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Posts Tagged → fire

Warmer weather can’t come too soon

What began as a happy trip to the wood shed for a load of seasoned oak in the Fall is now a crabby trudge through deep snow and ice, a drudgery opposite the cheerfulness felt with the first flames to beat back Winter’s early chill.

Spring warmth cannot come too soon.  Naturally, it will arrive, melt the Arctic snow cap occupying my lawn, and probably result in some Biblical flood carrying my home down river to the Chesapeake Bay.

Speaking of floods, and flood insurance, I am hopeful that the insane congresswoman Maxcine Waters will have her bizarre legislation permanently overturned, so that people can either afford to own their homes (something she is not familiar with or supportive of) or the Federal government will buy out the landowners so the societal costs and benefits are not concentrated on just the private property owners.  Government cannot change the social contract in one week.  Well, under liberals it can, of course.  Let’s rephrase that: Government should not restructure the social contract in such a short time that private property owners see their investments destroyed overnight.  That would be good government, something unknown to Maxcine Waters and her fellow liberals.

OK, belay that last “let it snow”

Like you and most everyone I know around Pennsylvania, I feel done with the snow. Yes, did I say “let it snow” a bunch yesterday?  Well, that was then and this is now.  Now, we are expecting another eight to twelve inches of snow in the next day.  On top of the six to eight inches of hardened crust, ice, and snow already on the ground, another foot is going to keep spring from arriving for a long time.

This much snow puts a stranglehold on our business operations.  Shuts down machinery.  Trucks cannot pick up, guys cannot cut, or even drive their trucks, let alone get their machines moving.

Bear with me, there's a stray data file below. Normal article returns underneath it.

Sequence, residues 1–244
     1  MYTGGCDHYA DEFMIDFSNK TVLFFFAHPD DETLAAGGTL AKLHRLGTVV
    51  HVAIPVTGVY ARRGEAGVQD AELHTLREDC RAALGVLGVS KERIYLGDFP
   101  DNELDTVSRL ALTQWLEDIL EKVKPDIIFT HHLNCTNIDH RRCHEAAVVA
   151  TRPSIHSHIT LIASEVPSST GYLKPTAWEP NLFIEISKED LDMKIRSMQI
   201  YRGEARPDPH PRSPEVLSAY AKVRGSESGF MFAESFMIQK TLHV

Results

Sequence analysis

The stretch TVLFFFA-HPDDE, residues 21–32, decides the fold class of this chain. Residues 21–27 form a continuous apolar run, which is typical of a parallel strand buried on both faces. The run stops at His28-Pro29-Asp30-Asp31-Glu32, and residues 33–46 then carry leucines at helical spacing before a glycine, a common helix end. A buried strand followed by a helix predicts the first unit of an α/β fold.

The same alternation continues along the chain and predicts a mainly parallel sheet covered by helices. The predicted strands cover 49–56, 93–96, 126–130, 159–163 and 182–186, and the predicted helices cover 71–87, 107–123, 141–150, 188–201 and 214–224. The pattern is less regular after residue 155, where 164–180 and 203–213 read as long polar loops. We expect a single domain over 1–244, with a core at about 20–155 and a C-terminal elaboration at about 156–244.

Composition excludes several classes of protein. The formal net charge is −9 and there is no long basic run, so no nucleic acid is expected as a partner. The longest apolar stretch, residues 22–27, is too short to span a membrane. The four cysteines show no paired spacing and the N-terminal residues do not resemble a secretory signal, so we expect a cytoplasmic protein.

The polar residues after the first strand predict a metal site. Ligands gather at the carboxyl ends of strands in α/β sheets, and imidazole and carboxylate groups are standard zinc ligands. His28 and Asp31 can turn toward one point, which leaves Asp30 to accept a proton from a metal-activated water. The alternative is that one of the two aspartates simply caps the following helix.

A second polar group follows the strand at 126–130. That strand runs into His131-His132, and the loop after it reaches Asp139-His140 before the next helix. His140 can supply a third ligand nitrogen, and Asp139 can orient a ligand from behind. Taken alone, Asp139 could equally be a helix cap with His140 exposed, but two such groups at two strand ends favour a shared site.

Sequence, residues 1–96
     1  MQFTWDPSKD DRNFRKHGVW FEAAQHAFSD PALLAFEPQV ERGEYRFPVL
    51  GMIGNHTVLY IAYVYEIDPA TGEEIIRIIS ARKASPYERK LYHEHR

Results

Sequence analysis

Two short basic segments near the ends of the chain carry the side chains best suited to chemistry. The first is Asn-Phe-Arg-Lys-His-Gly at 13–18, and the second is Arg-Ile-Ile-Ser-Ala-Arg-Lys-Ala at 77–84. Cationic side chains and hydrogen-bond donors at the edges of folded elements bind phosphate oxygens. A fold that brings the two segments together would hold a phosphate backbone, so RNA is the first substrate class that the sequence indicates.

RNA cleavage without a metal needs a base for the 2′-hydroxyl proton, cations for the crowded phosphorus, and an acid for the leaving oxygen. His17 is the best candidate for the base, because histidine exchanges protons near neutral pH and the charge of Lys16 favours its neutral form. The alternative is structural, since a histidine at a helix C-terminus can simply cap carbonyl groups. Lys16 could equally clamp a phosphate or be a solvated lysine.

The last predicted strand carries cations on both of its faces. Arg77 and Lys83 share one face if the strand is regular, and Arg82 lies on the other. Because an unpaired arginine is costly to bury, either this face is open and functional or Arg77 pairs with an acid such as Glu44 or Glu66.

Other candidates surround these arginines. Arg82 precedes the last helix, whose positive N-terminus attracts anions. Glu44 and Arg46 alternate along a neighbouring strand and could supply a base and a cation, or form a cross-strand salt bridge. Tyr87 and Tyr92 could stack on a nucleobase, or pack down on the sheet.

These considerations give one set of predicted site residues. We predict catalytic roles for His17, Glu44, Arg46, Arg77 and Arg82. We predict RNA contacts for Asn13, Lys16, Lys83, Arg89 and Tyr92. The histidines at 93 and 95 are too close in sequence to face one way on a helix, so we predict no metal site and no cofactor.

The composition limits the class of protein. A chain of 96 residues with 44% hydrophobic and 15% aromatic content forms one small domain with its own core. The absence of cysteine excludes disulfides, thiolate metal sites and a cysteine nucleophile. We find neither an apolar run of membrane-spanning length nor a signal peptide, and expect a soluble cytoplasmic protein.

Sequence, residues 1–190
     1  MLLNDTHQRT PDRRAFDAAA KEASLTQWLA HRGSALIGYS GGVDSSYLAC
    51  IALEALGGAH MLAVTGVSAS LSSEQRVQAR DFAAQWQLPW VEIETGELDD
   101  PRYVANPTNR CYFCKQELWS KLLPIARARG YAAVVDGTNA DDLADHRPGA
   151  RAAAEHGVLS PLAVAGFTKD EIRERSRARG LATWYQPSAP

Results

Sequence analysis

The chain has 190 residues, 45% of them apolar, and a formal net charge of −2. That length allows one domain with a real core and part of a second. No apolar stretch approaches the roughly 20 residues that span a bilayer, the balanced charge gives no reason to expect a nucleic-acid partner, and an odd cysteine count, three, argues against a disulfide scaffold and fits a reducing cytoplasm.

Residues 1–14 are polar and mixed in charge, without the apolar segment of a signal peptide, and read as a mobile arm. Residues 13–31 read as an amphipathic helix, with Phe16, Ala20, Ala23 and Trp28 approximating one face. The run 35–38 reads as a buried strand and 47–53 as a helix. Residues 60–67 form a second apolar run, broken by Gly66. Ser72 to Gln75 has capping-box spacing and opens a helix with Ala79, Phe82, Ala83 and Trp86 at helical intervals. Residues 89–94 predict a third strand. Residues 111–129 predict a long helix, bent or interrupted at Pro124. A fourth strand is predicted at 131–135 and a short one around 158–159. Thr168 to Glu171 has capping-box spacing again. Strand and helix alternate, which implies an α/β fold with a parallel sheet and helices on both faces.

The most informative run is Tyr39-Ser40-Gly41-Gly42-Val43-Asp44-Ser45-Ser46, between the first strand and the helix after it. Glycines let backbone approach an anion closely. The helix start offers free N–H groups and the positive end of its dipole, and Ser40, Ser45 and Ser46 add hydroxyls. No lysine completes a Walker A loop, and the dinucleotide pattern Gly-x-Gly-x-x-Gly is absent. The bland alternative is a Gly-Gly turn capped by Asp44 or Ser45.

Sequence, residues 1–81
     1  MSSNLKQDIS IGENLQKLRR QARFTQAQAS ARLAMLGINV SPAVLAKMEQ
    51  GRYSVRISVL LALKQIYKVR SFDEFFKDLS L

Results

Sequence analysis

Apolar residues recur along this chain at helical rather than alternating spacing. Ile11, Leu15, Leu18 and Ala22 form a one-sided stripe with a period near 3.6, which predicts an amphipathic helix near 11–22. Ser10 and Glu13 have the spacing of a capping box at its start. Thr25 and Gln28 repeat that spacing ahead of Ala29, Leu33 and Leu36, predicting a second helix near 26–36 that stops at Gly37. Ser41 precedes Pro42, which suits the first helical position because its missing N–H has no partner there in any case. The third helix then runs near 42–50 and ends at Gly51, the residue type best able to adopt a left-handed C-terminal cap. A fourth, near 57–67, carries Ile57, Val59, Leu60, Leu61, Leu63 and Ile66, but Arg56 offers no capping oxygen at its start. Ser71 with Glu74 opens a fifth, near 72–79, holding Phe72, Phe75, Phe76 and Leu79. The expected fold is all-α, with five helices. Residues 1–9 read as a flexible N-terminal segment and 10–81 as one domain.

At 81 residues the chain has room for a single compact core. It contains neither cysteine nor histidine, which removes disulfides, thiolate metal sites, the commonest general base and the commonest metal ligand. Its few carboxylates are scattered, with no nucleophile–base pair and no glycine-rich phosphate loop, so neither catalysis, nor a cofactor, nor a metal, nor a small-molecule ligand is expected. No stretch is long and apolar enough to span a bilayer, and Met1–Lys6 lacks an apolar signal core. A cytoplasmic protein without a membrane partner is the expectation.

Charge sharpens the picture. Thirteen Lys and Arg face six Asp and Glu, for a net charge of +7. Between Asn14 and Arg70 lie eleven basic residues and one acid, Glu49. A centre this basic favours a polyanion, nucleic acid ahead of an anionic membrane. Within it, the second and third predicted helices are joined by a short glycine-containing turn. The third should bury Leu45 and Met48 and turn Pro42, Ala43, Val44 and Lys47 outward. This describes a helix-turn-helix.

What really is telling about this cold is that at home, we have burned a solid three-plus cords of seasoned oak firewood.  We may be closing in on four burned to date.  We have enough to take us into the end of the longest cold winter, but that just means more work felling, cutting, hauling, splitting, and stacking. You know the old saw — “Firewood warms ya twice.”  You work hard making it, and then it warms you as a fire.  Indeed.

Hold on there, fellow Pennsylvanians.  Spring must be just around the corner.  Just a few weeks from now, the air should be in the mid-forties, smelling slightly earthy and damp, and a robin here and there will join the cardinal in the back yard.  Then you know relief is upon us.  Hold on.  You are in good company.

Just About to Find that Skunk in the Wood Pile

A skunk is living in our wood pile, and it has gone from four and a half cords down to a few days of supply remaining. Somewhere in that last bit of wood stacked in a back corner is a cold and unhappy skunk. I am not looking forward to meeting it in the coming few days.

Breezy Point, NY, Hit Hard by Sandy

Some places are just off the radar, and sometimes the closer they are to large metropolitan areas, the easier they hide in plain view.

Breezy Point is such a place. A slice of Heaven in an otherwise old, somewhat decrepit New York metro area, Breezy Point is a small seaside village nestled in the dunes between Jamaica Bay and the Atlantic Ocean.

About 99% Irish Catholic, it’s utterly safe, pleasant, and home to several welcoming real Irish pubs. For years, Breezy has been my main fishing destination. Its proximity to public land, private beaches, normal people, excellent fishing, and many friends makes it a natural venue to introduce my kids to surf fishing, beach bonfires, and rare friendly exchanges with urban strangers.

Sadly, Breezy took a big hit from Hurricane Sandy. Between unprecedented flooding and a huge fire that has eaten at least fifty homes now [UPDATE: 100 HOMES, developing], the place is really hurting. If nothing else, Breezy’s residents are hearty, able, and unwilling to move into “The City.” So it’ll be rebuilt. This coming Easter I may finally be able to organize the first seaside service with bagpipes that also kicks off the start of the striped bass run. I’ve raised the subject and been met with warm welcome by some locals. Given the state of things there now, it might be a good start.

To my many Breezy friends:
May the road rise to meet you.
May the wind be always at your back.
May the sun shine warm upon your face.
And rains fall soft upon your fields.
And until we meet again,
May God hold you in the hollow of His hand.